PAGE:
Christmas Awards 2011

Wednesday, 2 December 2009

An Interview with Linda Acaster

Tell us a little about yourself.
My name is Linda Acaster, I live on the coast in Yorkshire, England, and I’ve been writing on and off since my teens. I’ve always enjoyed history, especially Dark Age and Early Mediaeval. I’m fascinated by the lives of ordinary people, how they lived and worked, and the fact that they occupied the space in and on which I now live my life, so often even my contemporary fiction is influenced by aspects of the past.

What do you write?
I tend to write a bit out of left field. For instance, my Romances don’t necessarily follow the usual path for love stories – “Torc of Moonlight” is about the power of women but the main viewpoints are male – and I like a good dose of high adventure mixed with gritty realism. Even when I was writing Historical Romances for Harlequin I was always teetering on the edge. My editor balked at my casting a Viking hero as an historically sound werwulf. Perhaps I was just ahead of my time and I should resurrect him.

Why do you write?
Oooh, there’s a question for the psychiatrist’s couch. I enjoy exploring the dynamics of relationships, the sometimes fine line between the dark and light emotions and the influences that can make a person lean, even temporarily, to one side or the other. For instance, in “Torc of Moonlight” I have two sets of characters in parallel: one couple make love, the other couple has sex. Current society tends to consider these terms interchangeable, but they’re not.

What are you writing now?
With “Torc of Moonlight” just out I’m cogitating, letting a scenario and a set of characters foment. I feel that the follow-up should be another Paranormal, but even though there is a romance at its heart, what is rising seems more like Gothic Horror. Like I said, left field.

What kind of clothes do you like to wear?
Slender, well-cut, elegant outfits that carry a sense of the tactile. Unfortunately I don’t have that sort of lifestyle, so I’m more often seen in jeans and flat boots. Well, you try walking down a muddy track to view a historical site in killer heels.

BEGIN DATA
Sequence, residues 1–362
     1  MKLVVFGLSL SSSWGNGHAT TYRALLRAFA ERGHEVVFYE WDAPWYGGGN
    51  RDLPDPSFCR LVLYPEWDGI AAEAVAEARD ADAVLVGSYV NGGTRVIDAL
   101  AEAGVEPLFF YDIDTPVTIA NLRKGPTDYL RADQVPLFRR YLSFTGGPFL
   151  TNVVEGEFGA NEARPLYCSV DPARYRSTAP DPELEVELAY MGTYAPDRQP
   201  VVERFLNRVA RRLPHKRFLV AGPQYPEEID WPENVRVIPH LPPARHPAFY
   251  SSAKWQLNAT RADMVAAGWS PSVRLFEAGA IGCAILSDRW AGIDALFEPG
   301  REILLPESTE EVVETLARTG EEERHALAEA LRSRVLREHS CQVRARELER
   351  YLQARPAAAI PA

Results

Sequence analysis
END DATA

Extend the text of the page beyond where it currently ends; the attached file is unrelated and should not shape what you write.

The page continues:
Are you in love? Have you ever been?
Of course. Dear Reader, I married him.

Do you have a dream lover – and what does he or she look like?
Hubby, still. And he’s tall, dark and handsome complete with velvet brown eyes. Didn’t I do well?

What kind of comfort food do you like best?
If I’m relaxed it’s canned tomato soup; if I’m stressed it’s dark chocolate Hobnobs and coffee so strong it would melt silver.

What makes you laugh? Cry?
Laugh: a good comedy or a deeply layered joke.
Cry: another’s sacrifice; watching on television the silent people gather at Wootton Bassett

What do you do to amuse yourself when not working?
Research tends to be viewed not as work but as a day out. Enjoying the company of friends over a home-cooked meal and a bottle of wine.

What is it in a man or woman that turns you on? The clean version please!
Looks initially – I still go for the tall, dark, handsome type – but it is that indefinable extra, not so much charisma, more an aura that is carried, that makes the difference.

What do you hate about life?
I don’t hate anything. Life irritates me. It keeps getting in the way.

What do you hope to achieve in life and when will you know that you have been a success?
Phew, if I had that taped I probably wouldn’t need to write!

What are you going to write next?
It might be my Romance that’s trying to be a Gothic Horror, if I can pull it into some sort of order. I’ve a non-fiction writers’ manual that should take precedence as it is nearing completion, and I’d like to rewrite that historically sound Viking werwulf. Decisions, decisions…


Linda Acaster said...

Hey, Linda, thanks for posting my interview today! Sorry I'm late acknowledging it but I've been travelling since crack of dawn, down to Westminster, no less, for a writers' meeting (and some reserch). The Visitors' Entrance to the House of Commons is straight through the mediaeval Westminster Hall and no television picture does it justice. I just stood there and gawped at the magnificient wooden roof beams.

Again, thanks for giving me the opportunity of the interview. Anyone want to ask anything?


April Taylor said...

How long will the sequel to Torc dance round your head before you put fingers to keyboard, do you think? I really enjoyed the book. It can be read on so many levels.

Kelley Heckart said...

Hi Linda,
I love the Dark Ages too. The title of your book caught my attention because most people don't know what a torc is. LOL Your book sounds like something I would enjoy reading.

Linda Acaster said...

Hey Silversongbird! Hey Kelley! Thanks for dropping by and apologies for a late response. There always seems to be a problem keeping me away from the keyboard.

I'm glad you enjoy the Dark Age period, Kelley. 'Torc of Moonlight' has its roots in a water mythology that spans from the Bronze Age right up to the present day.

Regarding the sequel, Silversongbird, its itching to be started already, which is something new for me, but I guess goes hand-in-hand with following an already cast storyline. Or in this case a cast back-story. I've got plenty of research to do first though.

Thanks for calling in you two. It's been good to chat - Linda